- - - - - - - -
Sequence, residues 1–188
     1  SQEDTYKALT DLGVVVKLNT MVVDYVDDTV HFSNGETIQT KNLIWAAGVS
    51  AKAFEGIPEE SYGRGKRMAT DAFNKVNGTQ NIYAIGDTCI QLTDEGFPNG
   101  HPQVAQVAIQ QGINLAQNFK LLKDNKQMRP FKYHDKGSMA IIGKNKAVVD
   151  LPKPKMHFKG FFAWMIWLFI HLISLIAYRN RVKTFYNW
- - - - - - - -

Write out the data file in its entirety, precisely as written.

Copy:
Sequence, residues 1–188
     1  SQEDTYKALT DLGVVVKLNT MVVDYVDDTV HFSNGETIQT KNLIWAAGVS
    51  AKAFEGIPEE SYGRGKRMAT DAFNKVNGTQ NIYAIGDTCI QLTDEGFPNG
   101  HPQVAQVAIQ QGINLAQNFK LLKDNKQMRP FKYHDKGSMA IIGKNKAVVD
   151  LPKPKMHFKG FFAWMIWLFI HLISLIAYRN RVKTFYNW